Everyone knows about the endless cycle of New Year’s resolutions. We make declarations and goals that aim to better our sense of self, but they rarely ever see the end of January. Instead of a resolution, the women of Chief Gigs have decided to turn the idea on its head. This idea manifested itself during one of our coworking sessions but developed into something more than a passing conversation. We each chose one word that will guide us as we go through the year.
I have a long To-Do list with a variety of tasks and I LOVE completing items and marking them off the list. But sometimes I get so focused on the tasks that I forget to focus on living. Reading a book, having lunch with a friend, or going for a walk are not often items that are on the To-Do list, so they don’t get prioritized. I love my list, so it’s not going away, but prioritizing things that really matter will make life more enjoyable – personally and professionally.
As I graduate from the University of Houston in May, I am entering a new chapter in life. Looking back on my early college years and the year I spent with Chief Gigs, I have grown in perspective and practice. As a professional, I pride myself on my drive and discipline, yet I sometimes get in my own way with obstinacy or perfectionism. This year, I aim to engrain in myself the belief that growth is perceptive and versatile. Who I am and who I grow to become are derived from my successes and my shortcomings. I am proud to have learned that with my team at Chief Gigs.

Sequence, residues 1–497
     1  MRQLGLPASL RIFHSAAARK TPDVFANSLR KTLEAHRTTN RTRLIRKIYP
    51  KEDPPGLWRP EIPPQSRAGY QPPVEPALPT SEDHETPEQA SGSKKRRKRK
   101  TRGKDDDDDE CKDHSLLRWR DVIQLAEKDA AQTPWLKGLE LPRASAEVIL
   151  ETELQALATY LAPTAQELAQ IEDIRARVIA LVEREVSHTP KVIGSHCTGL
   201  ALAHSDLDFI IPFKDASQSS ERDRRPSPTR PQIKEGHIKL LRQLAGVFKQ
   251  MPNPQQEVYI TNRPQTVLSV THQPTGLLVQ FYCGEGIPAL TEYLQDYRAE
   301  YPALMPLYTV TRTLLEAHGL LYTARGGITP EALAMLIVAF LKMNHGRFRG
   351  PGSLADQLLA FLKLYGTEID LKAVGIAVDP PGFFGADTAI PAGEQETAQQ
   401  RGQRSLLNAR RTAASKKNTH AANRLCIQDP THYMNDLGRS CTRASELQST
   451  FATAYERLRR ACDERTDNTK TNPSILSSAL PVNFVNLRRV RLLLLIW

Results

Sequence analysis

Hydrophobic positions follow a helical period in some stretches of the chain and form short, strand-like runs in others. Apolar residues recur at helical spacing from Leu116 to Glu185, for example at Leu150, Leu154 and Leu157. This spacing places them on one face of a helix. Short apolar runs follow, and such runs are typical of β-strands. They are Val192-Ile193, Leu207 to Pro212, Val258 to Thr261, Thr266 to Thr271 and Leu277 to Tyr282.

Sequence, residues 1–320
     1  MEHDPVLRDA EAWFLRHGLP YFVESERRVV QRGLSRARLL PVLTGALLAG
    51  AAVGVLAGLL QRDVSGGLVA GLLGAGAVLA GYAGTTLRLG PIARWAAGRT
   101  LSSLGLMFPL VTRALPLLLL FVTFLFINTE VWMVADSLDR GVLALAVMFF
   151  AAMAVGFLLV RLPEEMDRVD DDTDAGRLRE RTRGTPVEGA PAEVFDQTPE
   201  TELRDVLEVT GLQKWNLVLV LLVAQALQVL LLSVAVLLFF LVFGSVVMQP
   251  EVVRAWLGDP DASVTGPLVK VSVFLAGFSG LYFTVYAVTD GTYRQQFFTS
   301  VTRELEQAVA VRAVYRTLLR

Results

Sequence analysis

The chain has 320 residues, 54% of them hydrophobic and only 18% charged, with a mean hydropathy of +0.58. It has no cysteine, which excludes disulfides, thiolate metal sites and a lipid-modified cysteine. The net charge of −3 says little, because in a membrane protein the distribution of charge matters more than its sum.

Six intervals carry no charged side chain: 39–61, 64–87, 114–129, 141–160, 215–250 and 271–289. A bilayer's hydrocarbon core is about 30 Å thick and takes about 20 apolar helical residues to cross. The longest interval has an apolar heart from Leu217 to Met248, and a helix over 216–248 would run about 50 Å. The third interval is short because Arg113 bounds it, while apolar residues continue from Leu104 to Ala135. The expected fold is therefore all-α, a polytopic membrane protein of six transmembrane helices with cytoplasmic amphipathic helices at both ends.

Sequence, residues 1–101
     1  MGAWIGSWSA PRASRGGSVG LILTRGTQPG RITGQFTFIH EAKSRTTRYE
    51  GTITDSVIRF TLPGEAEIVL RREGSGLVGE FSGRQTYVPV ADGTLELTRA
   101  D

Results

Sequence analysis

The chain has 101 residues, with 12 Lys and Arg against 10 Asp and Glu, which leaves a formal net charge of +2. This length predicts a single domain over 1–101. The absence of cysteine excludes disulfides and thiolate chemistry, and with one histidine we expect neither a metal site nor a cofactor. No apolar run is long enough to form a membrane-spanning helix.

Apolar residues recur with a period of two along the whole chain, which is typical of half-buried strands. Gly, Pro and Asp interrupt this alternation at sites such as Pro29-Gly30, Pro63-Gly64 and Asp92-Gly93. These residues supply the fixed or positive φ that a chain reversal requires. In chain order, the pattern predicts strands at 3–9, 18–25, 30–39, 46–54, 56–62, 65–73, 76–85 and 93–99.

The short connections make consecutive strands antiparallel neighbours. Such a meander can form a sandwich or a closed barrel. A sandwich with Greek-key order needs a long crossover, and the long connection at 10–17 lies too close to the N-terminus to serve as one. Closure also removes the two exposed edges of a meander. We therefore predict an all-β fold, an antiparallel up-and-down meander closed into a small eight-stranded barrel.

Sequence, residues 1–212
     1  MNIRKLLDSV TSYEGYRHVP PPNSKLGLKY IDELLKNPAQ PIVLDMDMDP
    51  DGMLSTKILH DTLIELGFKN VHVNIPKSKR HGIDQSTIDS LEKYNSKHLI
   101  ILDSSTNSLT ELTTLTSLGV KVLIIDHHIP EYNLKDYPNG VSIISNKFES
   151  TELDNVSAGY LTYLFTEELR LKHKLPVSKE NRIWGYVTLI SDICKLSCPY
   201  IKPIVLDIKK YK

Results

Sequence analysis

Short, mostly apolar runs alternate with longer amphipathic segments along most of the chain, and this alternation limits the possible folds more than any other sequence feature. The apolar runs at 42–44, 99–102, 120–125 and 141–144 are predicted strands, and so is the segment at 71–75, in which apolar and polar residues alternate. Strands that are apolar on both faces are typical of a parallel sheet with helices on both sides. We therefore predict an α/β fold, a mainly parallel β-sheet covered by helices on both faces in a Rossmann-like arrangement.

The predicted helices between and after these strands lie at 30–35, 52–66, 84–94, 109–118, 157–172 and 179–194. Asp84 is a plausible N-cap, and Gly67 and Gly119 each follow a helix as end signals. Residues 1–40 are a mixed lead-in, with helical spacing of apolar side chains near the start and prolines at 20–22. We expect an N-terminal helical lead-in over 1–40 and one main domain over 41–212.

I recently came across this question “How are you bringing joy into the work?” and thought it was fantastic. It encapsulates how I work and how I help clients gain clarity and focus in their businesses. As with many of my clients, I am at a place in my life where I can choose to focus on work that fills my cup. So I am striving to be even more intentional, with the result being more joy. Why wouldn’t you choose joy?
It’s holistic for me: I’m working short bursts of movement into my weekdays, and I am moving projects forward while scaling back on service offerings outside of my genius zone. When I used to ride hunter/jumper, at age 13, my very last instructor said: “Don’t make the same mistakes over and over! At least make new ones!” It stuck with me.
As the inside look into the minds of the Chief Gigs team comes to a close, we hope you consider how these words resonate with you as they have us. Our thoughts might have prompted you to come up with a word of your own.
Have we inspired you? Tag us on Instagram @chief_gigs to let us know your Word of the Year!
Interested in other blogs by the women of Chief Gigs? Check these out!
Manage Your Energy With Personal Policies by Wendy Fong
The Higher Standard of ‘Possible’ by Megan Chavez